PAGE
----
Bike Lanes – What Do Those Signs Mean?
Prince George, B.C. – New pavement markings in Prince George have some drivers scratching their head.
With the City preparing to make bike lane restrictions a part of everyday driving in P.G., the pavement is being marked to outline the rules of the road.
The Bike Lane project was approved as part of the Capital Plan. The total budget , which includes, engineering, signage and pavement markings is $500 thousand dollars, of which half came in the form of a grant from the Bike BC program.
The total cost for the pavement markings portion of the work is $42,515 and of that amount, the cost for the markings in the “Share the Road” or “Shared Use Lane” portion is $7,437, which are the pavement markings that are in the vehicular lanes.
The dedicated bike lane markings tend to last longer because they are along the edge where there is no vehicular traffic. The markings now being installed in “Share the Road” or “Shared Use Lane” locations that are in the vehicular lanes will require annual upgrades, similar to crosswalks.
When the matter was discussed at Council late last May, a report from L &M Engineering detailed the meanings of the new markings.
Here is a refresher course:
- Dedicated Bike Lane: The most common sign drivers will see is the one at right, which designates a lane just for bikes. It means there is to be no vehicle stopping, or parking in that specific lane.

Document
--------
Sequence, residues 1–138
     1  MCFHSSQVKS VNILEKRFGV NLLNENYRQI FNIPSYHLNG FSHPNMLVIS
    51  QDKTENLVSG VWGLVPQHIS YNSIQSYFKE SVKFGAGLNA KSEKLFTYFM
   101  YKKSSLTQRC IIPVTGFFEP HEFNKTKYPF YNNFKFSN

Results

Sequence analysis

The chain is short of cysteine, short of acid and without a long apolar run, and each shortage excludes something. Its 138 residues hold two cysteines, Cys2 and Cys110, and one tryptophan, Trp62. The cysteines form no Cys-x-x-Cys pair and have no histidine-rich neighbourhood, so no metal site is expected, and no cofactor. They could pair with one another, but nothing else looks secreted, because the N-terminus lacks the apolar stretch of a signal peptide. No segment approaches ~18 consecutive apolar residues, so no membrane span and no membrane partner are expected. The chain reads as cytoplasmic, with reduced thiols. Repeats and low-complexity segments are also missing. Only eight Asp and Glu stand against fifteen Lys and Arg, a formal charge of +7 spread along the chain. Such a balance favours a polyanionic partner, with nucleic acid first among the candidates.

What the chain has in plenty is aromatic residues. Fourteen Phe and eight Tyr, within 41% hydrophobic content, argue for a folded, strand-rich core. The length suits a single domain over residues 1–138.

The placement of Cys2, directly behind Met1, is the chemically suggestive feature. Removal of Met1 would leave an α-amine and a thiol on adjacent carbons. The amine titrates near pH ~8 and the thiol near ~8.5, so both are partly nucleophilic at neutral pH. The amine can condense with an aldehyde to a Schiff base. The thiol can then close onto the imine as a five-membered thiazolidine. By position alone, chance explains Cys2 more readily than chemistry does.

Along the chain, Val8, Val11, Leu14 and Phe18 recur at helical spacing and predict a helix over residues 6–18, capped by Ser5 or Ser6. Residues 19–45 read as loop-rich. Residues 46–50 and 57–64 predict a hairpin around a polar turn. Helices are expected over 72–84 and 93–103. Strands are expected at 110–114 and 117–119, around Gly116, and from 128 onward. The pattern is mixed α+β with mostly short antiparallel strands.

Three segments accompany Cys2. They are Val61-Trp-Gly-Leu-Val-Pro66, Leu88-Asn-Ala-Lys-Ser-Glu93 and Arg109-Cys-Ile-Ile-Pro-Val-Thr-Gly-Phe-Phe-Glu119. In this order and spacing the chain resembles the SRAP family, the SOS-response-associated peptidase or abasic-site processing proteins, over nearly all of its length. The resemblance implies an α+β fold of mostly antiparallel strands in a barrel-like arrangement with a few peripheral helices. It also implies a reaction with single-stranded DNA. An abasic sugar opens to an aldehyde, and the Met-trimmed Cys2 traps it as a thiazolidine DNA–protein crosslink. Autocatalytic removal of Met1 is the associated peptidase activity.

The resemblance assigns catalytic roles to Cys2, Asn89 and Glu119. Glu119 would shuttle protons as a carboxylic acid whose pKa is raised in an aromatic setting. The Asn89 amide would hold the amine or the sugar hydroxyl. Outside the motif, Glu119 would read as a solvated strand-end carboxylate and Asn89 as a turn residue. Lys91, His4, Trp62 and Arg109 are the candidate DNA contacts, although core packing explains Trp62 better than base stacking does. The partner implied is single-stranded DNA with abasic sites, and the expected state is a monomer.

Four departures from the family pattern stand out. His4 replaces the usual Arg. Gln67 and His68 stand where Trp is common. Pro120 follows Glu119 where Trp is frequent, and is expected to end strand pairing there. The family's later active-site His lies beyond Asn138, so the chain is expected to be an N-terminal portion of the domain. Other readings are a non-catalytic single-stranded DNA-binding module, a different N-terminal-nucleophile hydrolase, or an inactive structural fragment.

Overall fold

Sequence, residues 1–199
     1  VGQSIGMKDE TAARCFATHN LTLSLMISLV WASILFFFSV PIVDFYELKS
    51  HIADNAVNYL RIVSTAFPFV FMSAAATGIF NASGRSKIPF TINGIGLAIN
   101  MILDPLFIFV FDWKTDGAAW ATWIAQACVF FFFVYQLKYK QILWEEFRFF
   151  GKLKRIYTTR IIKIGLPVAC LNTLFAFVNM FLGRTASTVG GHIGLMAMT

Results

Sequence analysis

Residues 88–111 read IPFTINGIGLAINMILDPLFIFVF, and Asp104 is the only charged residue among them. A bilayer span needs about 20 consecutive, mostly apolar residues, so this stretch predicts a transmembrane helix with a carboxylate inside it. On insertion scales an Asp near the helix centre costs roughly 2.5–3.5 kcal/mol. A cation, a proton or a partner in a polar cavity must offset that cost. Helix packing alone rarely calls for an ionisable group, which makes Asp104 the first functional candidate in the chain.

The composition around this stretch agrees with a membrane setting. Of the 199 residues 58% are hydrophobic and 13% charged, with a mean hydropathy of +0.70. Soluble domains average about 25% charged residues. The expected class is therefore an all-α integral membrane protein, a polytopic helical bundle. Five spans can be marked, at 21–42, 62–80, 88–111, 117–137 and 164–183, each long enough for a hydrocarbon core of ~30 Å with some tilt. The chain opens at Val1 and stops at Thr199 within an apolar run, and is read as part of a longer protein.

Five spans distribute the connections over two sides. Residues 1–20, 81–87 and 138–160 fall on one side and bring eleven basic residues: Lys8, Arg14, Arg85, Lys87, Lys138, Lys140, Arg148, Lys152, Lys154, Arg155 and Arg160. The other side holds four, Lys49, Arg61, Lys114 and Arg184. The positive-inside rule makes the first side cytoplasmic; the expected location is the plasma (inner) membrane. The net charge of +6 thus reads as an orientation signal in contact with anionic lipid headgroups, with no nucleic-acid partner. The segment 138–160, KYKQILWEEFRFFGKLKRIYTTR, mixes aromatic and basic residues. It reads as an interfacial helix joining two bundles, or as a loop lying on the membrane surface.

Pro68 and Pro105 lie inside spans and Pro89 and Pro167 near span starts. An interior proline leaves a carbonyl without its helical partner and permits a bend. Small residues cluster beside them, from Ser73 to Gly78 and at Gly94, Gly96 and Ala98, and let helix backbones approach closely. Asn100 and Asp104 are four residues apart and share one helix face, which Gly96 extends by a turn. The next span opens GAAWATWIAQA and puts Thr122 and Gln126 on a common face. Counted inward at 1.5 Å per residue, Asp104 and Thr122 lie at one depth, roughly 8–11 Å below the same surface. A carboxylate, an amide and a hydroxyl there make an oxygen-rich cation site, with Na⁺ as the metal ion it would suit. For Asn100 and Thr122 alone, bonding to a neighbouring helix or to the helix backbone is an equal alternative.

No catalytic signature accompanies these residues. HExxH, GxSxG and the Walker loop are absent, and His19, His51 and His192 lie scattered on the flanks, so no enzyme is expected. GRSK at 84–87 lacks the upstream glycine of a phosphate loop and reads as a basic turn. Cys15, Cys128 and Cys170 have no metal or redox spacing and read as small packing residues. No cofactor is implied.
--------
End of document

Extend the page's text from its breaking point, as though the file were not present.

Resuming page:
Along this lane, there will also be signage indicating the lane is for the use of bicycles
2. Share the road. This is the pavement marking which has confused some drivers. This marking is being applied to roadways where parking cannot yet be removed, or there are other constraints which don’t allow for a dedicated bike lane with the expectation that cyclists will ride to the right of a moving vehicle ( vehicle in image at right is a parked vehicle). The pavement markings will be accompanied by a “Share the Road” sign .
3. Shared Use Lane: On roadways, where the lane is 4 metres or less, it will be marked as a “Shared Use Lane”, meaning cyclists and vehicles are expected to travel in single file. The pavement markings will be in the centre of the lane. The roadside signage will indicated the lane is shared use, and that travellers are to move in single file.
There are also special markings for bike lanes that have to transition to a shared the road mode. This is most likely to take place where parking is needed as a loading zone. The pavement markings will specify that the bike lane ends, and a “share the Road” scenario begins. Again there will be roadside signage to reinforce those directions, as shown in the image below left. The other transitional lane calls for cyclists to yield to buses, (image below right) and to move to their left to get around transit, as most bus stops use the bike lanes.
Transition at Loading Zone Bus Stop
The bike lane rules won’t come into effect until all the roadside signage is in place, and that is not likely to happen until October. But, once the roadside signs are in place, the no stopping, no parking rules will be enforced.